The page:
“Summer 1924: On the eve of a glittering society party, by the lake of a grand English country house, a young poet takes his life. The only witnesses, sisters Hannah and Emmeline Hartford, will never speak to each other again.

Winter 1999: Grace Bradley, 98, one-time housemaid of Riverton Manor, is visited by a young director making a film about the poet’s suicide. Ghosts awaken and memories, long consigned to the dark reaches of Grace’s mind, begin to sneak back through the cracks. A shocking secret threatens to emerge; something history has forgotten but Grace never could.

Set as the war-shattered Edwardian summer surrenders to the decadent twenties, The Shifting Fog, renamed Riverton House,  is a thrilling mystery and a compelling love story.”

OK, maybe not a thrilling mystery,  but a small and interesting one.  This story is told from the point of view of a ladies maid who left service, was able to go to uni and became a noted archeologist.   The vehicle holding this tale together is a rather flimsy one concerning a film maker who wants to make a movie about the suicide(?) of a famous poet on the grounds of the estate, which happened during the maid’s time there,  and visits our now quite elderly former maid in order to get more inside info, which sends Grace floating off into deep remembrances.  She decides to tell the whole story on tape for an adult grandson, a well known mystery writer who has stopped writing and gone somewhat missing after the death of his wife.  (Eye roll here.  I mean, really.)

Very readable,  but for me, structurally shaky.  But of course, fiction contains the necessity of suspending disbelief, so sometimes ya gotta just go with it, right?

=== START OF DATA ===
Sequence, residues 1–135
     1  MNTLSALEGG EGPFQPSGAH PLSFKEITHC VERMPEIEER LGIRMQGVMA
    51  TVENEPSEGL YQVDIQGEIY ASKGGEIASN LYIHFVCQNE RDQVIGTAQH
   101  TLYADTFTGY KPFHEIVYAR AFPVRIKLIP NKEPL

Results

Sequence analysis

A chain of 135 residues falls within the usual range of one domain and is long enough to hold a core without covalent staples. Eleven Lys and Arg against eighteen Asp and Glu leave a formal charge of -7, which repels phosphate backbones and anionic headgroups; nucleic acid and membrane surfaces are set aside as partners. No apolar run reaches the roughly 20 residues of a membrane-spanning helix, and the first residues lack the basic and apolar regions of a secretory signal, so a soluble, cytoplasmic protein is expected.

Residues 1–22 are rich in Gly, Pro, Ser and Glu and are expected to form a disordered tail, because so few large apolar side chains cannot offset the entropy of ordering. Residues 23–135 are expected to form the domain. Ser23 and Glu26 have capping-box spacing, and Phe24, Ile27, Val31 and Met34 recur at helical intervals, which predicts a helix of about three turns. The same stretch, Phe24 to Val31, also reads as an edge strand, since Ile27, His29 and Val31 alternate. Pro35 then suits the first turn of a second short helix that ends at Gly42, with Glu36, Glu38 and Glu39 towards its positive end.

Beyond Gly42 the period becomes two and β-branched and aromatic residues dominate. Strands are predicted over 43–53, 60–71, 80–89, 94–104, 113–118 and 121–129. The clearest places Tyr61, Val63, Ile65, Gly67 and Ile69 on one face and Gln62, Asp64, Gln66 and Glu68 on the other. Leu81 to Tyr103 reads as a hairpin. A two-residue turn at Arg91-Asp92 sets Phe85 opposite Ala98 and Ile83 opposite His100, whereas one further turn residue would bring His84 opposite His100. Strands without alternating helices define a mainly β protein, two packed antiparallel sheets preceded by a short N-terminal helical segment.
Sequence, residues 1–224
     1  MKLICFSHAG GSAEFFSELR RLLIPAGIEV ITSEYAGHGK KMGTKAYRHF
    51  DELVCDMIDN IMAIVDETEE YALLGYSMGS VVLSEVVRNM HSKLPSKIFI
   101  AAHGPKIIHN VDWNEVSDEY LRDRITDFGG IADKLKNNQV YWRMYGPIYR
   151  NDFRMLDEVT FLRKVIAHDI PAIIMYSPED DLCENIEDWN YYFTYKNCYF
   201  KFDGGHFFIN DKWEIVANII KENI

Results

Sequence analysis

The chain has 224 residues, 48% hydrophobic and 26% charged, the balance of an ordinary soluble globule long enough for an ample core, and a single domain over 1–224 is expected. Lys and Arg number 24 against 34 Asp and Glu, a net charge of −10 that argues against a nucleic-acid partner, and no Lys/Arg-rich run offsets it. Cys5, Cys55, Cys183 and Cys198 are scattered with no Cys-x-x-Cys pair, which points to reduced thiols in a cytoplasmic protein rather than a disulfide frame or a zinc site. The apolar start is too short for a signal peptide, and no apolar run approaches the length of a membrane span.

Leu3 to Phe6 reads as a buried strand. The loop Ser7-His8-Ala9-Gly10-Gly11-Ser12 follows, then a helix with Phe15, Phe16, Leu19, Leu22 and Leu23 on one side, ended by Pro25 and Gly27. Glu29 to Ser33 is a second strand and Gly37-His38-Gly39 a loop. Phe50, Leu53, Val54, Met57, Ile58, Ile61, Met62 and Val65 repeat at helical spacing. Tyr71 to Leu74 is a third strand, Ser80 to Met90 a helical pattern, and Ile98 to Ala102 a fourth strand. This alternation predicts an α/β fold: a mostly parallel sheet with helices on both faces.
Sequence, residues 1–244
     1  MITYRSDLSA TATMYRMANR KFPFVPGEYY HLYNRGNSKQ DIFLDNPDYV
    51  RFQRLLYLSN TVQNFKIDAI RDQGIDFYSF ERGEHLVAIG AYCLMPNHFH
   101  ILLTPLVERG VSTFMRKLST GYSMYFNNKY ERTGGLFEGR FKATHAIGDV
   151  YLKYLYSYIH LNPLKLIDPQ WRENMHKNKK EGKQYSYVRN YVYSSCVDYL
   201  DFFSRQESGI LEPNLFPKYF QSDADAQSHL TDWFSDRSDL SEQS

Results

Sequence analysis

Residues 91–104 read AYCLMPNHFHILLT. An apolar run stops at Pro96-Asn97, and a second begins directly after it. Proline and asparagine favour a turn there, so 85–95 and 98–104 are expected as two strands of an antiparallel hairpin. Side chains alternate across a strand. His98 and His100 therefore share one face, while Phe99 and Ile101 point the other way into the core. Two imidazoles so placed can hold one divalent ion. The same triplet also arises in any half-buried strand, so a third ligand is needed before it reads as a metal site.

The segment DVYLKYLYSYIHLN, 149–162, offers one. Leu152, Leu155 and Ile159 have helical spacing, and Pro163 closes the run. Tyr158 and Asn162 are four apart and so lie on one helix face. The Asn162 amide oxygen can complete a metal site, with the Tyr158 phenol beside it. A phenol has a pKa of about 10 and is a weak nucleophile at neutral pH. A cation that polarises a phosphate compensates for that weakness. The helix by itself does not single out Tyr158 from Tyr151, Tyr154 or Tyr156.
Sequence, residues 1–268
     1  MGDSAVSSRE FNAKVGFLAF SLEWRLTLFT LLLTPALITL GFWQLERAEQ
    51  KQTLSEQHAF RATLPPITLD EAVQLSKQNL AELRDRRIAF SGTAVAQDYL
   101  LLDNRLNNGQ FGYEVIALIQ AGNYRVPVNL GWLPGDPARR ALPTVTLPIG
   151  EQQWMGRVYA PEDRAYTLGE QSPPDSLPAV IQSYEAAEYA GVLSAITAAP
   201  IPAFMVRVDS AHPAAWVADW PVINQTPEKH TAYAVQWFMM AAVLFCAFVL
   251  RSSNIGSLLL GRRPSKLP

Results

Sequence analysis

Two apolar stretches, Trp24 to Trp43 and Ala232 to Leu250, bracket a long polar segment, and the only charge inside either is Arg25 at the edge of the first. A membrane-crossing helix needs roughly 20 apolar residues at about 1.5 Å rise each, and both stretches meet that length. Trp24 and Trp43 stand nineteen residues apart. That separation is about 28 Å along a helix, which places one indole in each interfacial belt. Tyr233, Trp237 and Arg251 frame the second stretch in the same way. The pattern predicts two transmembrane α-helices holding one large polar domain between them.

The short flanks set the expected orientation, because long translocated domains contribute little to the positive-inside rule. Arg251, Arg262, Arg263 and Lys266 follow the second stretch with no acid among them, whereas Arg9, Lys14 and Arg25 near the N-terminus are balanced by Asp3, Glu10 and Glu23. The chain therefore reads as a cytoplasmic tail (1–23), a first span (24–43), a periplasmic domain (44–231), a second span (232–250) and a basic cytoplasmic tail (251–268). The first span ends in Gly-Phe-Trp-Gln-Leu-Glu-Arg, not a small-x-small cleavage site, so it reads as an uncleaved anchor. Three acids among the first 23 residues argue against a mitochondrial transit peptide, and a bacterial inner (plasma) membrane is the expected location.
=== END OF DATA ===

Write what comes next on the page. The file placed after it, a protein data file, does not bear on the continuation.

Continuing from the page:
THE HEART OF THE RED FIRS by Ada Woodruff Anderson

Another of Mz Anderson’s works, this one published in 1908.  The other book of hers that I read, The Rim of the Desert,  was enjoyable, with a more involved plot.  This offering was clearly chick lit, all about romance and men of character and honor, and women of strength, determination,  and grit.  The heroes were heroic, and the villains were definitely villainous.

I read both of these books because I like fiction from that time period, because of the writing style, but I was interested in the location where both were set .. the Pacific Northwest.  This one is set around Puget Sound, in the virgin forests with timberland hundreds of years old, and it is distressing how, in both books, the interests of the protagonists are in settling the remote country and selling off its timber, diverting rivers and streams to create irrigation, and planting crops.  In both books, the protagonists talk of how they love this unsettled country and the purity of nature, while doing everything they can to bring population to their regions.